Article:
Checking The Farm’s Financial Pulse

An annual financial review is part of your risk management strategy; it’s is an integral part of business activities. Just like good personal and production health starts with the basics, so does the financial health of your farm. We recognize the importance of regular medical and dental checkups for ourselves, we have regular maintenance schedules for our equipment, but we often ignore the heart of our business, the motor that keeps everything running — our finances.

There are three key elements to the financial review: financial accuracy, timeliness and perspective.

Related Articles

Financial accuracy is essential; your assessment is only as good as the data you are using. Make sure that your bookkeeper (whether you, your partner or an employee) has some training. Basic financial analysis (the kind done on a monthly basis) is not rocket science. A good bookkeeper understands the basics of financial reporting and analysis. (An accurate set of books provides the added advantage of allowing you to estimate your personal spending — an area much ignored or under-estimated by farmers).

A second key element is timeliness. The bookkeeper (including you) should give regular feedback, and prepare information in a form that is useful to whoever is doing the analysis (including you!). Bookkeeping is much more than plugging numbers into a journal, a spreadsheet or a computer program. If you are doing your own books, take time every month (yes, really) to review the month’s financial activities — not just if there is money in the bank, but what else happened (financially) during the month. What is your budget to actual comparison? If you do not have the time, the skills or the desire to do this, then paying a well-trained bookkeeper is a wise investment.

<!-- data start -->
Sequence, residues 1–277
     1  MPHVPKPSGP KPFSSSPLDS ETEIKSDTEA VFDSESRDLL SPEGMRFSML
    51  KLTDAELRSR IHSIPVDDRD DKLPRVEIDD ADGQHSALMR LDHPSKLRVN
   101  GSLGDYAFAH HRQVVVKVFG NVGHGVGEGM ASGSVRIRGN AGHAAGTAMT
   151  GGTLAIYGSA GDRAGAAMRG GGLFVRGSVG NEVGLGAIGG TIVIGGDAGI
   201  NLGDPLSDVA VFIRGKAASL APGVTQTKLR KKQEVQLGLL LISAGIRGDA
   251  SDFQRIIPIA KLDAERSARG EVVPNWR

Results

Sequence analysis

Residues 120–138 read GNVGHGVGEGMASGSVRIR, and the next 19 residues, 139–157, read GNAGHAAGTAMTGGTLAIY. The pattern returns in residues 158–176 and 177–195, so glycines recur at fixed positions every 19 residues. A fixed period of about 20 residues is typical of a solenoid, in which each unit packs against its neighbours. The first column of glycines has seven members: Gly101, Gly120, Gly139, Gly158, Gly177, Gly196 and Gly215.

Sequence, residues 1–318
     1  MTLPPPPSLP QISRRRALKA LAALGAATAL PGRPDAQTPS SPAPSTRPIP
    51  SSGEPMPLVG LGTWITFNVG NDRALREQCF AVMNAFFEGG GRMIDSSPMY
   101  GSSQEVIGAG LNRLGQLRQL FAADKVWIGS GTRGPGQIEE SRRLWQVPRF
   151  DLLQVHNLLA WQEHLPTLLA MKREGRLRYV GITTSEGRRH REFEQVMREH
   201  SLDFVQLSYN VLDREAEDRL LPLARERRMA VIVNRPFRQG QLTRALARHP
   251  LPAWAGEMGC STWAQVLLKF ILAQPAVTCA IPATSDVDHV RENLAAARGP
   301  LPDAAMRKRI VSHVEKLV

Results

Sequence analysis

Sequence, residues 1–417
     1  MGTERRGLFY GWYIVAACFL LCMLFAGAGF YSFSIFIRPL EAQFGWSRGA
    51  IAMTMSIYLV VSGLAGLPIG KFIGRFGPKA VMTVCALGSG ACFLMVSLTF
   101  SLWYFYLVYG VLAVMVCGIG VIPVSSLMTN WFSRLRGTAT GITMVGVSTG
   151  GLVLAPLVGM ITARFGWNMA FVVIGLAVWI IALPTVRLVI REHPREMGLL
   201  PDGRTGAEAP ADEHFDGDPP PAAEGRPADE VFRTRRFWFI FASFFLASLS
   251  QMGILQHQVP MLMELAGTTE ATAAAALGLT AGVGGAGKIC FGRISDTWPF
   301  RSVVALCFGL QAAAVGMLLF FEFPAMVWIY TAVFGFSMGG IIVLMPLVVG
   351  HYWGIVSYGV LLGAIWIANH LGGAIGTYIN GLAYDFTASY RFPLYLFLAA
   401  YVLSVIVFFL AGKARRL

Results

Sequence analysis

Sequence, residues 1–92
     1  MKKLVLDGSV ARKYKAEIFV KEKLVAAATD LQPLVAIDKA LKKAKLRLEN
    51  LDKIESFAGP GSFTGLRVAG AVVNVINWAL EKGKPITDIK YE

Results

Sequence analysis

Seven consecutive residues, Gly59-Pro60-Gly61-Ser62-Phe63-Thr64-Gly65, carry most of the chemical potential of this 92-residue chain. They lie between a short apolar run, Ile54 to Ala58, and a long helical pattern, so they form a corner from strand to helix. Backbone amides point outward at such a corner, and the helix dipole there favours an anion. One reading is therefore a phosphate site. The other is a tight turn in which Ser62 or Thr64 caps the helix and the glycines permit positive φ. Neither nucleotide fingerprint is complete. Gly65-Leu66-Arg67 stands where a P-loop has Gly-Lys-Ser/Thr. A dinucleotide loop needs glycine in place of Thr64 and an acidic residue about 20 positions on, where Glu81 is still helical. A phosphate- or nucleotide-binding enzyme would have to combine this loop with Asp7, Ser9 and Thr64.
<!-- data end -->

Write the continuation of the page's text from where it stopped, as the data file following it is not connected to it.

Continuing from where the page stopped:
Finally, get outside assistance. No matter how skilled we are, at times we need unbiased third-party assessments of our operation. Why? Because we are not experts in all aspects of farming nor can we be totally objective about our own situation. We do not hesitate to contact production specialists with questions about fertilizer, new crops or weed problems. This outside perspective is especially important when doing the annual review — when the tax returns are completed, the financial statements have been prepared and you are planning next year’s activities. A neutral outsider can assess the situation, ask questions and provide insights about your operation that we either don’t recognize or won’t acknowledge.

Who do we get to give us this second opinion? The accountant or banker can provide insight, but often their input is limited by time, and the questions you ask. Consider contracting an independent consultant, such as a member of CAFA (Canadian Association of Farm Advisors, www.cafanet.com), who work one-on-one with all types and sizes of farms.

WHAT’S IN AN ANNUAL REVIEW?

What is involved in doing an annual review or assessment? Whether done by you, or with the assistance of a consultant, it need not be an onerous task; a few simple steps will suffice. All you need are the year-end financial records (actual and budget amounts), inventory figures, your income statement and your balance sheet. Your budget represents many of your financial goals, including savings for capital replacement and growth in owner equity. Compare the year-end actual to the budget. Where did you overspend? Under spend? Why? Is your income what you expected? Why or why not? Has your debt load increased or decreased? Are your capital replacement goals on track? For example, if you are saving to build a new house, how is that going? Reality check: Are your efforts taking you where you want to go?